whats the deal with this wacky theorem? i learned it in class and had a mild understanding of it, but i don't see the use in defining a limit like that.
See here for a video on the subject.
YouTube - Calculus: Proof of a limit
I agree in that something that is rather intuitive is turned into a complicated sounding mess that can put new calc students off the subject.
i was just kiddin around with the wacky theorem remark...but once you've defined it in that respect, what do you do with it? i went through all my calculus courses and i never heard of it until my advanced mathematics class. so if im not using the definition to actually learn what it is, whats the point?
pointless.. and in fact, mathematicians are trying to work on spaces that will never exist such as $\displaystyle \mathbb{R}^n$ for $\displaystyle n\geq4$. and the question is, WHY?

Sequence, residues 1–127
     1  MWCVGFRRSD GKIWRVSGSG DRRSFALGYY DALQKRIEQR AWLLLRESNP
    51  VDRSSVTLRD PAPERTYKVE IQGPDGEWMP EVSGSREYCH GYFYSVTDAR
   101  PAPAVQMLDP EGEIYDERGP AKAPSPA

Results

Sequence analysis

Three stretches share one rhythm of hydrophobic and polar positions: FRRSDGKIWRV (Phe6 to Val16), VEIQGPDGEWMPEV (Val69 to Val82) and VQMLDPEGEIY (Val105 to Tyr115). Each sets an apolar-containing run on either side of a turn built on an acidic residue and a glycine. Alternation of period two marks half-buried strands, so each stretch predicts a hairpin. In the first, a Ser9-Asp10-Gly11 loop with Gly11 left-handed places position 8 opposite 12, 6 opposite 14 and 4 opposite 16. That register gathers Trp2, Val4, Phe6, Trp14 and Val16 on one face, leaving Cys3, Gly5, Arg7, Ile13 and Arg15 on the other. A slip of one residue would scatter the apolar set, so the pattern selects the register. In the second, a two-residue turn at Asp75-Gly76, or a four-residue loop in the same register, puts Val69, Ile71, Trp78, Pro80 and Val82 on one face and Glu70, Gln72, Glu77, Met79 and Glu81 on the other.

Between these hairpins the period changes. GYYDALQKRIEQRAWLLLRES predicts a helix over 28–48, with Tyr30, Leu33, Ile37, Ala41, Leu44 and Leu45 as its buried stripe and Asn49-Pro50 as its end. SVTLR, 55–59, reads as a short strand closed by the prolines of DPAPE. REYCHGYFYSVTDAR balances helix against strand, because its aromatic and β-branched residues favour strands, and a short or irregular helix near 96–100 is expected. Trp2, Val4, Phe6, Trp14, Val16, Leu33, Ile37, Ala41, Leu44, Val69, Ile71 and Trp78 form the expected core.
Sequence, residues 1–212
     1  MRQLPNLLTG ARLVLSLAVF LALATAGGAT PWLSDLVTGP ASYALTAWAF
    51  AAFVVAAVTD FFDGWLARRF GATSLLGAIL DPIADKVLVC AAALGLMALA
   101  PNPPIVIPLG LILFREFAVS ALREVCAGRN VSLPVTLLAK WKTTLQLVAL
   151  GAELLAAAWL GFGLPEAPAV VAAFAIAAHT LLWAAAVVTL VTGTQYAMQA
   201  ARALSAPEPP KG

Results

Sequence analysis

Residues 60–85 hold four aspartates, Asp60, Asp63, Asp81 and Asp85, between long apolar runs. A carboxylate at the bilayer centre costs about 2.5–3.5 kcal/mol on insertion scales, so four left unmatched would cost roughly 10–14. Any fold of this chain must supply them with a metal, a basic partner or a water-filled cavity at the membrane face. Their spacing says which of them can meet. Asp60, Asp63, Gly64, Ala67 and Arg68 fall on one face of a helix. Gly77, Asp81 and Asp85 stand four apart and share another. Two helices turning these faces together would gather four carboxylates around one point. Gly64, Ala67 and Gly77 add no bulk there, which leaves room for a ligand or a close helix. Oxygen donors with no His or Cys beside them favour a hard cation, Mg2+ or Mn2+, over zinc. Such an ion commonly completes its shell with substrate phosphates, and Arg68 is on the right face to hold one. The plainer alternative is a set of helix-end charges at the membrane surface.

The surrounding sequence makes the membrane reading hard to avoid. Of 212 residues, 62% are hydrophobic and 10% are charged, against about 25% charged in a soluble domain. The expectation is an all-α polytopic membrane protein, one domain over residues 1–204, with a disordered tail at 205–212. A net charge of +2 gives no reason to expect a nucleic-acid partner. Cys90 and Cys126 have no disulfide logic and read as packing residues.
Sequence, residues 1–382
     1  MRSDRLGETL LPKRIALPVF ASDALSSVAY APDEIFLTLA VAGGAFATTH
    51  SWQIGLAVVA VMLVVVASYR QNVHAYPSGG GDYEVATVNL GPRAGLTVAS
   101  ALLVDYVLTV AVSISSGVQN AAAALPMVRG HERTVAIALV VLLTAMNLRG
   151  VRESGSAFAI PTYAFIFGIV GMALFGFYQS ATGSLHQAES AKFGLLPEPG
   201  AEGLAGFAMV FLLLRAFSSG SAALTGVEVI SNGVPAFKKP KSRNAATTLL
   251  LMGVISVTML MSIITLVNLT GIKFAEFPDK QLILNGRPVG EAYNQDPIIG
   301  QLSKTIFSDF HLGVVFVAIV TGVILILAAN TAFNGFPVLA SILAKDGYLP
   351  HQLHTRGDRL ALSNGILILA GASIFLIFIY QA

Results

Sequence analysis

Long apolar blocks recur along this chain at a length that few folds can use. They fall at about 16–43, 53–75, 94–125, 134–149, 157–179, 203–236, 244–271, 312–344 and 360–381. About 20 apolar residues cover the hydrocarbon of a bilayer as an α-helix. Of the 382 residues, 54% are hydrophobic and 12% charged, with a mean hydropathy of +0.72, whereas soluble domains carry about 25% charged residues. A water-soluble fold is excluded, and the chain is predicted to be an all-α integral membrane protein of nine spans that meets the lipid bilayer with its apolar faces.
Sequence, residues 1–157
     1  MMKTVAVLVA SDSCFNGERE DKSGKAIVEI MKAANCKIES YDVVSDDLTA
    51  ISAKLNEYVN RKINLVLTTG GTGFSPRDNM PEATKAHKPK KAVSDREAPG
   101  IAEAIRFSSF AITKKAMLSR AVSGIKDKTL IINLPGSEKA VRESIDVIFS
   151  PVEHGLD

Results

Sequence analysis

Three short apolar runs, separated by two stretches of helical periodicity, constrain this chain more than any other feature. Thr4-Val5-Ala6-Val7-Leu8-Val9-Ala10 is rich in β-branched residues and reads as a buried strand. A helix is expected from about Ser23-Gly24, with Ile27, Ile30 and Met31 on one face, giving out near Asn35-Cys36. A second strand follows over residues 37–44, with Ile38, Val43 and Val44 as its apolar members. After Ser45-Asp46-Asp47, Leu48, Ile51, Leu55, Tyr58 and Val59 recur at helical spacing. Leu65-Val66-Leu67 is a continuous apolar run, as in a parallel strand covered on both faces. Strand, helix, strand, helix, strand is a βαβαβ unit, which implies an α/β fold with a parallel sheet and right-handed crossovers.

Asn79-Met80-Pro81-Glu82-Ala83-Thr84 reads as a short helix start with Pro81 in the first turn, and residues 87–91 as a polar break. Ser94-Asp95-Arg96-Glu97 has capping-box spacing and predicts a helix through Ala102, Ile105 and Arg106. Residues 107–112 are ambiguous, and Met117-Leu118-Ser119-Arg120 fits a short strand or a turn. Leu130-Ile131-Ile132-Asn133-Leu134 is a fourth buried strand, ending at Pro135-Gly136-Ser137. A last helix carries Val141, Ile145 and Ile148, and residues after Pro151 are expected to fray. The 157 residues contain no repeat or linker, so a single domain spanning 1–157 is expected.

...and, why do you stay as a math major knowing this situation?...
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anyways, since we are trying to study spaces (some of which never would exist), how would you explain that a "point" approaches another "point" along a function? for me, the easiest way to explain this is thru that epsilon-delta definition. since we were taught that this definition looks very much like our intuitive definition in one, two or three dimensional real-valued functions, it should be easily understood. (make sense? maybe.. )
and if you asked me back why i stay as a math major, i'll answer "i just want to see and to appreciate the beauty of mathematics, aside from getting a degree and wanting to pass what i have learned, nothing so special.".... and i remember what my professors told us, "Learning mathematics(and when they say mathematics, they meant the broadest mathematics) should be a passion. If you only want money, you better shift out to another course."(i just want to share this..)